5 Things Your Car Probably Doesn’t Need

By Eric Peters, Automotive Columnist

Owning and operating a car is a major expense — second only in many people’s lives to the cost of rent or a mortgage. But it’s the little things that can really nickel and dime you into the poorhouse.

The good news is a lot of it is stuff you can skip altogether. For example:

1) Gas additives

The gas you buy — whether unleaded regular, mid-grade or premium — probably already has the additives your car’s engines needs.

People often confuse quality with octane — and believe that higher-cost “premium” fuel is better gas than “regular” — but these terms refer to the octane rating of the fuel, not its quality.

You pay more for high-octane fuel than you do for regular, but unless you car’s engine needs high octane “premium” fuel, buying it over “regular” (or “mid-grade”) isn’t getting you better gas. Just more expensive gas. All grades of gas usually have the same additive packages (with some exceptions, such as off-brand fuels). If you stick with name-brand gasoline, buying pour-in additives is an unnecessary expense — like buying salt to go with Saltines.

2) Oil additives

As with fuel additives, buying bottles of additive to mix with your oil is usually not necessary and may even lead to problems. For one, if you stick with the type/quality of oil specified in your owner’s manual, that oil will meet (or exceed) the requirements laid down by the engineers who designed your car’s engine. You’d only need to add something if the oil you bought was missing it to begin with — and if you buy the type/quality of oil recommended by the people who built your car, it won’t be.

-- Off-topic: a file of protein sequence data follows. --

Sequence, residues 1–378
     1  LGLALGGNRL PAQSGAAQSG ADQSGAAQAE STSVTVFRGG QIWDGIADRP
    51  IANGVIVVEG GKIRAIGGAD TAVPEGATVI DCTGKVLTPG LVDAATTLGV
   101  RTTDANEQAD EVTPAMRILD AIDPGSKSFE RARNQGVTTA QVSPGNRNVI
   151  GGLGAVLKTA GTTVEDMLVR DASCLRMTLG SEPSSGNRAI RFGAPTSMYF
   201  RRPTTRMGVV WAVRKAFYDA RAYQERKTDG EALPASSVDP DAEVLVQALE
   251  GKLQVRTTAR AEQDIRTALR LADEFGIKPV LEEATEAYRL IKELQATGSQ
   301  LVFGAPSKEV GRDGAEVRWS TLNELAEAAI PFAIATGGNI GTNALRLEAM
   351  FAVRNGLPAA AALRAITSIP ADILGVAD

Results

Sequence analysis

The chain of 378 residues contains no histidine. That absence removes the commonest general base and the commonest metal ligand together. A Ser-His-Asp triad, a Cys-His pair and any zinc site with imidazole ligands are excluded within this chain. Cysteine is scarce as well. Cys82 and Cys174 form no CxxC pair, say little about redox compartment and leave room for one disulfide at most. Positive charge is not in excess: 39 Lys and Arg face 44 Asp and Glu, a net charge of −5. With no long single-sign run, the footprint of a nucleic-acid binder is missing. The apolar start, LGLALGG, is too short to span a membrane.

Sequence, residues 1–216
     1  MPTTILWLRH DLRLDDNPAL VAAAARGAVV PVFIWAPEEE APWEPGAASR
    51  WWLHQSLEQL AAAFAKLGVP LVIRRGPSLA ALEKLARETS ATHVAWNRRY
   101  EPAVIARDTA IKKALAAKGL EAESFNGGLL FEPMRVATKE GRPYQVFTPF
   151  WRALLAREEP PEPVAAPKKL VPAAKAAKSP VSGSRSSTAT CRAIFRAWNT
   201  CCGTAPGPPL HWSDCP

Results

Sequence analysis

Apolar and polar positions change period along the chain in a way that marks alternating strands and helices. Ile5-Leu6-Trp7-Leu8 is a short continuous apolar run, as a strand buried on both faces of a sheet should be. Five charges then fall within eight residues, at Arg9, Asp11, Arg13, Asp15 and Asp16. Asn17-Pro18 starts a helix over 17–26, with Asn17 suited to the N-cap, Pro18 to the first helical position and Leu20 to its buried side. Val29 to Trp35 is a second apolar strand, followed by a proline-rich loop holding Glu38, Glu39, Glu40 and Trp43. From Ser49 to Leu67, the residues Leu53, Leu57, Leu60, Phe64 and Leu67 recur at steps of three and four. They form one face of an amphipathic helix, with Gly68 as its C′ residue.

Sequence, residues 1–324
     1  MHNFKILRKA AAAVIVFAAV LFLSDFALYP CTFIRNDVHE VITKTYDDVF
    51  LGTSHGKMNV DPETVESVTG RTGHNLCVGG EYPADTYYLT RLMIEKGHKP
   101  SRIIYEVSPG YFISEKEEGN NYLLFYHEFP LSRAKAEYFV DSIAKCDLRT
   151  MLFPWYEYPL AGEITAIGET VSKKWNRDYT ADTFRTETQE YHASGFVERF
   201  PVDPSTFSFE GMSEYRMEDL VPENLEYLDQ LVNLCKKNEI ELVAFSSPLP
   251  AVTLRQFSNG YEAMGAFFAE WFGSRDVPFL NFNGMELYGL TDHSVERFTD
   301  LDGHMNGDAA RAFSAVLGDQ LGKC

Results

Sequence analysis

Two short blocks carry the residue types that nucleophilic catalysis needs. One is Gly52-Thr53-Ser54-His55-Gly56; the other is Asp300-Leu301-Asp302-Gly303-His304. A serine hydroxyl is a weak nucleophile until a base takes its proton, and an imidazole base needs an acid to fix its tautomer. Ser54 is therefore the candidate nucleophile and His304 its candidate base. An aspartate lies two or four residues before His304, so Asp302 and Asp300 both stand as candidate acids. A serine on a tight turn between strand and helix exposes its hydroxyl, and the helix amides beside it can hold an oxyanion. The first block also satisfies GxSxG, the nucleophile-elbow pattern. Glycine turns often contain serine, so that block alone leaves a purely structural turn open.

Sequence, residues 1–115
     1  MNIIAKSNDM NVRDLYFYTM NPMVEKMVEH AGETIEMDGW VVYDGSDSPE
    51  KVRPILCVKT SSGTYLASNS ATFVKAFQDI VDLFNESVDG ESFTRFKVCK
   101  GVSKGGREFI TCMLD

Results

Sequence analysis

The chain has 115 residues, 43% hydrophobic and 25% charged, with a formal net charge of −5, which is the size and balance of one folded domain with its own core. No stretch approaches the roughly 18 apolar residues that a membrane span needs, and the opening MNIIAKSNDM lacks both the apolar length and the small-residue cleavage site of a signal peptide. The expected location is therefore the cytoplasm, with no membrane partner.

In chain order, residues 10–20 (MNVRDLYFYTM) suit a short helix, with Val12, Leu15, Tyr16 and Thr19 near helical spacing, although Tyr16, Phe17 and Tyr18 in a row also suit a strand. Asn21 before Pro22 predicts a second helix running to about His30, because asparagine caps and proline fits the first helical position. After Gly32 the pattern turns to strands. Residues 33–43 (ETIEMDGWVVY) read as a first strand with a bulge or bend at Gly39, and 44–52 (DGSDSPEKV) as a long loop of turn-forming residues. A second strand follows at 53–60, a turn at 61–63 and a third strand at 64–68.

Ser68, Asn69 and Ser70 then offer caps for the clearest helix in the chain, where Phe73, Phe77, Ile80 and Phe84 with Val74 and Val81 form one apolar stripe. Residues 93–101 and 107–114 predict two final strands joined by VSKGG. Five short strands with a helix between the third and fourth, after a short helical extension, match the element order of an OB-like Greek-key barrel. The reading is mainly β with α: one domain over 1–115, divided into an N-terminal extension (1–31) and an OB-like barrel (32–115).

For two, additives may cause problems; do you really know what’s in that stuff you’re about to pour into your crankcase? It may be a completely harmless money-waster. But it might be more than that, too — if the stuff gunks up your engine or contains solvents that dilute the oil and ruin its ability to lubricate/protect your engine’s internals. Also, be aware of the capacity issue. If you’ve added a quart (or even a half-quart) of additive to an already full crankcase, your engine is now over-filled. Too much oil in the crankcase can cause numerous problems, some of them serious. It’s very important not to overfill your engine with oil — or additives.

3) High speed tires

In the United States, the highest legal speed limit is 80 mph (In Texas). In most states, it is 65 or maybe 70. Nowhere is it legal (or even realistically possible) to cruise at speeds much above 100 mph for extended periods of time without risking a huge ticket, or more likely, jail time.

Yet many cars come equipped from the factory with tires designed for safe travel at continuous speeds in excess of 130 mph (or more). On Germany’s unrestricted speed Autobahns, such tires are not just useful, they’re essential. Here, they’re expensive overkill.